Tuesday, April 7, 2009

Recession vs. Great Depression: Not Yet...

Bringing you up-to-date on the recession, watch this very clear explanation by Stiglitz.

Now that you know the history, how bad is it?

By this point, comparing the Great Depression to the current recession is hardly a new idea. The bottom line is that, so far, there is no comparison. We are nowhere near this:

By 1933, the height of the depression, unemployment had risen from 3% to 25% of the nation’s workforce. Wages for those who still had jobs fell 42%. GDP was cut in half, from $103 to $55 billion. This was partly because of deflation, where prices fell 10% per year. By 1933, world trade plummeted 65% as measured in dollars and 25% in total number of units.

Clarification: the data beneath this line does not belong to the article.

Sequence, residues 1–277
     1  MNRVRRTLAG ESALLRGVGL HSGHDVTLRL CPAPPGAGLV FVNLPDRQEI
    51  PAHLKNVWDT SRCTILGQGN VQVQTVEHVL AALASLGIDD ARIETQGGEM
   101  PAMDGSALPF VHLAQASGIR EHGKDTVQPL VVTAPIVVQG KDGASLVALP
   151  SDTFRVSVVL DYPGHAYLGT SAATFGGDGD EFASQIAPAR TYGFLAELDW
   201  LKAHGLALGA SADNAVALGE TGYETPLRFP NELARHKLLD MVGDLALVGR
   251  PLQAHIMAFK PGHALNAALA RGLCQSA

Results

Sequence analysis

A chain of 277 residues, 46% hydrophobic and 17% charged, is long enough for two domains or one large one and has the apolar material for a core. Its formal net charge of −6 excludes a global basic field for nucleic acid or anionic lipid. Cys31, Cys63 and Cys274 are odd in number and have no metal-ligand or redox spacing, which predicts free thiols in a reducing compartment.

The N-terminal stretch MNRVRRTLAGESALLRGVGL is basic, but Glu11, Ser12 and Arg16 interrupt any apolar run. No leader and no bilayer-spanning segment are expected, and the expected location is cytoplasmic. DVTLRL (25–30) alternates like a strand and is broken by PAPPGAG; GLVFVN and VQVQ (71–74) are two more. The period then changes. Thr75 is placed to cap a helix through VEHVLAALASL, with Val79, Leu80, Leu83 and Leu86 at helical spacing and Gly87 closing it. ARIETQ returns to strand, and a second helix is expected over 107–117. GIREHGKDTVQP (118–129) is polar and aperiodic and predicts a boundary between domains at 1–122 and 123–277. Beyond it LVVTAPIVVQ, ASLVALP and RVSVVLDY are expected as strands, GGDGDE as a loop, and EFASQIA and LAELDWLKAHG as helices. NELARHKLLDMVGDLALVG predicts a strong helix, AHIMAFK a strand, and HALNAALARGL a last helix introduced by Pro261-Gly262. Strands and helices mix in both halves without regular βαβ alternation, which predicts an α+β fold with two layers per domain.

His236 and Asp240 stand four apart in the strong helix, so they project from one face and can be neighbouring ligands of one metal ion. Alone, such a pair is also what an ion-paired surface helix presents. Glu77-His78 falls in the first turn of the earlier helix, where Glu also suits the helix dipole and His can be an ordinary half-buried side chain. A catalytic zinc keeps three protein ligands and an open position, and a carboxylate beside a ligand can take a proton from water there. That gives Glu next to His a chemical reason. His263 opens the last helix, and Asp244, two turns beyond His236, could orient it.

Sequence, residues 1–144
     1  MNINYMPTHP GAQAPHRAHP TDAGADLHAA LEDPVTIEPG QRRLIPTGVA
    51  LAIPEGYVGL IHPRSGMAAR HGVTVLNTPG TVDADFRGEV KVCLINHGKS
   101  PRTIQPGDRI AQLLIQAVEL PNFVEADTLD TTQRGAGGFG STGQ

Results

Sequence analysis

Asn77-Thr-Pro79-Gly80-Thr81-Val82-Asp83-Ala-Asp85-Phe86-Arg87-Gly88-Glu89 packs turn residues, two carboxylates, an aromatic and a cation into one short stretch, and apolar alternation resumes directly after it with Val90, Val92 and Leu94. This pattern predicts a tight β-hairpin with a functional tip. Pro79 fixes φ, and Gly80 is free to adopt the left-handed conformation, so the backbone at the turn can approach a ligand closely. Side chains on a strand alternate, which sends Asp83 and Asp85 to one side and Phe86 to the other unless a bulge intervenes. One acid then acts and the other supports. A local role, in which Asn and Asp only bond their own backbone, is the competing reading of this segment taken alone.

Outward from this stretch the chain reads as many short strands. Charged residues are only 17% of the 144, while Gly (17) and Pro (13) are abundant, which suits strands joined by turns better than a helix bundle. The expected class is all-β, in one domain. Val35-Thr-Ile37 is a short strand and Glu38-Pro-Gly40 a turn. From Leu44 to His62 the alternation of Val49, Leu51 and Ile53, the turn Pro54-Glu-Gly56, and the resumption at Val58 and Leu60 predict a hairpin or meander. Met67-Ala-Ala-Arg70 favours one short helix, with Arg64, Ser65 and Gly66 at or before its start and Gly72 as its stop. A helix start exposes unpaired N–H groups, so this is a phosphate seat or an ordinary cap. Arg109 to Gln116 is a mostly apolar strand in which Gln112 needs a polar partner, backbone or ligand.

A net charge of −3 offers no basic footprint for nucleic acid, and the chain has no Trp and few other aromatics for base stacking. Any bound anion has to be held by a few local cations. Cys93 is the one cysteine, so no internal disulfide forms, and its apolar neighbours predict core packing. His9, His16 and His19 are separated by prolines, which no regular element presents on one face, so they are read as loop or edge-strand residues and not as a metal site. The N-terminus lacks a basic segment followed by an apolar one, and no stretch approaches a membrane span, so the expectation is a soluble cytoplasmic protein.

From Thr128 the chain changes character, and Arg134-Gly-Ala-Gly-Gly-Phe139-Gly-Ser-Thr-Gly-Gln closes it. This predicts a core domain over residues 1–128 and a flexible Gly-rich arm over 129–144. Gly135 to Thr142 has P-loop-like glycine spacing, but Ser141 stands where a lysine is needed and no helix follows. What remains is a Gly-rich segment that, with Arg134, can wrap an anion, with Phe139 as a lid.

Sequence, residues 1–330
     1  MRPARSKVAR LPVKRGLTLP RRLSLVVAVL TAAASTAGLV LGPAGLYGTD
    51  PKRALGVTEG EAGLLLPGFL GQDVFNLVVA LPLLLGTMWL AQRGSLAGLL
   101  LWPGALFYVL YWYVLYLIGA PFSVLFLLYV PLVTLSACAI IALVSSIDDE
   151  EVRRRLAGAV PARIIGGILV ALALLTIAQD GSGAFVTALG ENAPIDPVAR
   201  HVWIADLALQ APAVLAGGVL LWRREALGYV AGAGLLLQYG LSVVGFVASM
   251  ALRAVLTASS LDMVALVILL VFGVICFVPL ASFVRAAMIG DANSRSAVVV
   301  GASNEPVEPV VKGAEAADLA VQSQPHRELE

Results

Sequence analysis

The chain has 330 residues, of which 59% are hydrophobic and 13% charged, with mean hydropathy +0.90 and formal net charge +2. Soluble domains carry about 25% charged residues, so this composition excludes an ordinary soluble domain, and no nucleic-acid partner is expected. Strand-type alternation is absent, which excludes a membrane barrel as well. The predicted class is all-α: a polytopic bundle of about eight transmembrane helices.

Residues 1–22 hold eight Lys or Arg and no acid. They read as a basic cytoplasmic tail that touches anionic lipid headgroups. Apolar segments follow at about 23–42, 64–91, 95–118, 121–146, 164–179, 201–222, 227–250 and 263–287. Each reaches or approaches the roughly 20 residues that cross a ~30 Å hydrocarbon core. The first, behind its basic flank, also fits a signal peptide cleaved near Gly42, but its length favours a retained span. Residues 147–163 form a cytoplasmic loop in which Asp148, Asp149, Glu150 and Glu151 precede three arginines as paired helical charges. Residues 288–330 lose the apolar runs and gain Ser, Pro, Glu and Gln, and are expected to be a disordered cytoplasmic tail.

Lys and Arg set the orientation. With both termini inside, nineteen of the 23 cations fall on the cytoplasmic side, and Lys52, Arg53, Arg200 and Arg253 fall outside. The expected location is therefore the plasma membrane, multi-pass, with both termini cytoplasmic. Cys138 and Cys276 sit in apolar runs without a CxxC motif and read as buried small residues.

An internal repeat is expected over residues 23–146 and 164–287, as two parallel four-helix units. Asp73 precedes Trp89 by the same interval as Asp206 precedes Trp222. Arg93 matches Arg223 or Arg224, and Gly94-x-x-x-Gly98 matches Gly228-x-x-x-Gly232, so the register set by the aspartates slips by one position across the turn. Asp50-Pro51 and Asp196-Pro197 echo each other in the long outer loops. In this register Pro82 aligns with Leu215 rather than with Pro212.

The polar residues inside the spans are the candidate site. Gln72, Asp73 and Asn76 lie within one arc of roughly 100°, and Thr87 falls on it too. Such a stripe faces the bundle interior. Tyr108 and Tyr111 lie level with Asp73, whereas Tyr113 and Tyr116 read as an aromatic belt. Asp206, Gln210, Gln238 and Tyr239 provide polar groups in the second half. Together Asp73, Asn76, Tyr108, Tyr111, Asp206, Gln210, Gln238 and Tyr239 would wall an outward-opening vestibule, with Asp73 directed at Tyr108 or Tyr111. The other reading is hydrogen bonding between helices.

In fact, by my personal metric (the price of vacation property along the Maine coast, there is no recession at all: prices there remain near the peak of the enormous bubble that region has experienced in the last five years). And yet, a few points need to be kept in mind:

  • To be valid comparisons need to be global, not just for the U.S.
  • Although trends may be worse in some cases, so far we are nowhere near reaching the severity of the Great Depression
  • This recession isn't over yet
  • The Great Depression provoked war; this time, we are already at war.

Now, for some of the data so far:

U.S. stock market data for 1929-30 vs 2008-09 is a perfect match!
The decline in global industrial production for the first nine months is now also a perfect match!
Global stock market declines are worse this time.
The decline in global trade is worse this time.
The bank failure rate is far less this time, but estimates of total losses to be suffered are rising rapidly.

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